Pragmatism rather than ideology or misplaced pride should dictate our foreign policy in the post-Jammeh era. Small and weak states are in a tricky and precarious position and they need to navigate the complicated waters of international relations. The Gambia’s unique geography, being surrounded on three sides by Senegal, has meant that good relations between the two countries are essential and that policies should be dictated by independence, pragmatism and moderation. A close strategic relationship with Senegal need not be a threat to either country’s independence.  Indeed, it will offer The Gambia in particular, a safer and more stable future. The Gambia’s foreign policy must be shaped by our geopolitical reality. Senegal and The Gambia should be encouraged to sign (and hold to) a Memorandum of Understanding on defence cooperation, in order to strengthen bilateral defence relations between the two countries and their security forces.

Since 1994 former President Jammeh conducted a foreign policy characterized by hostility, insensitivity and intolerance towards neighbours. The Gambia’s post-Jammeh foreign policy must derive from the country’s survival instinct. Foreign Policy scholars have argued that in the contemporary international system, it is vital that small and weak states develop effective survival instincts. Jeffrey A. Lefebvre, a reputable scholar of small state foreign policy, has offered three guiding principles which should always be followed by small and weak states to ensure longevity and survival. The three golden rules to follow are as follows:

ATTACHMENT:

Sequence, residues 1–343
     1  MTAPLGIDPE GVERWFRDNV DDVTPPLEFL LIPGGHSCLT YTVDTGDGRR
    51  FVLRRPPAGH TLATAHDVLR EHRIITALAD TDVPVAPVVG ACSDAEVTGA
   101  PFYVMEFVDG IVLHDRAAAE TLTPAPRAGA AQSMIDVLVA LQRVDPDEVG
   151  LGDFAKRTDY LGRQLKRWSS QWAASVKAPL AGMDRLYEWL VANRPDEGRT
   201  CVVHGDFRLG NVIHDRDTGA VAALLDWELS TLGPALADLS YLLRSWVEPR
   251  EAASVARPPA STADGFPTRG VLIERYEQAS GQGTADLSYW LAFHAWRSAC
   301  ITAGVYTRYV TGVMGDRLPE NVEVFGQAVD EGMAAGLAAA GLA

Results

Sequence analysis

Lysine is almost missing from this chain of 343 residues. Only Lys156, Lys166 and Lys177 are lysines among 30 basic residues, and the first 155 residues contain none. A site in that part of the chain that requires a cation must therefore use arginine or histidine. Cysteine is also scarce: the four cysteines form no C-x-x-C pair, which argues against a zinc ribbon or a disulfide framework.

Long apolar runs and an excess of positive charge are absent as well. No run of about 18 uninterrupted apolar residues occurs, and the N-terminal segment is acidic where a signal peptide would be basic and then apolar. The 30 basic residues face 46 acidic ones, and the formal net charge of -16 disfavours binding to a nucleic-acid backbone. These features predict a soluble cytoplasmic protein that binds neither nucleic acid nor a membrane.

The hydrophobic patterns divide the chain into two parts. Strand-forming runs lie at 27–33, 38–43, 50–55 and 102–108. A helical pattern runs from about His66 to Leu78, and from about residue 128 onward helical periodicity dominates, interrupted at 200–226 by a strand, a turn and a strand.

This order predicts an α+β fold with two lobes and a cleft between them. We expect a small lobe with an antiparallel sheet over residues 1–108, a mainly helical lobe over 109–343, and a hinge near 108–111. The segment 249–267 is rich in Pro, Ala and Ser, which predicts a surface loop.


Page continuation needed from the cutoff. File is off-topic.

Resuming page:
“Rule number one:  acquire a great-power patron (protector).

Rule number two: avoid alienating your patron.

Rule number three: avoid making enemies.”

Under the new president Adama Barrow, The Gambia should be flexible in conducting its foreign policy. As the leader of a small and militarily weak nation, President Barrow must concentrate on making friends rather than enemies. He must demonstrate his independence and pragmatism by adopting positions on regional and global issues that do not run counter to the interests of The Gambia’s friendly neighbours.  Essentially, the Gambia has to manoeuvre comfortably in three critical arenas.

  • Senegalo-Gambian relations at the Senegambia Permanent Secretariat.
  1. ECOWAS and the African Union (AU).
  2. Global institutions and organizations such as the African Development Bank, World Bank, The International Monetary Fund, Organization of Islamic Cooperation and United Nations.

The diplomacy of pragmatism is essential in a post-Jammeh Gambia and our foreign policy should not be dictated by emotional or nationalistic rhetoric: this would be short-sighted and counterproductive rather than pragmatic. It is in our power to have a foreign policy that is based not only on doctrine and principles but also largely on a pragmatic approach.